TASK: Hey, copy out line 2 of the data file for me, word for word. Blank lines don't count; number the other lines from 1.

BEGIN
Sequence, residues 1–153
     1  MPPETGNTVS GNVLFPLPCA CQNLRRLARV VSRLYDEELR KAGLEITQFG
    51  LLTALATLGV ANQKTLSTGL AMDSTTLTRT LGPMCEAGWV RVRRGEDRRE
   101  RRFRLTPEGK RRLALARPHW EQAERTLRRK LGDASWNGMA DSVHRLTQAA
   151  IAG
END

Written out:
     1  MPPETGNTVS GNVLFPLPCA CQNLRRLARV VSRLYDEELR KAGLEITQFG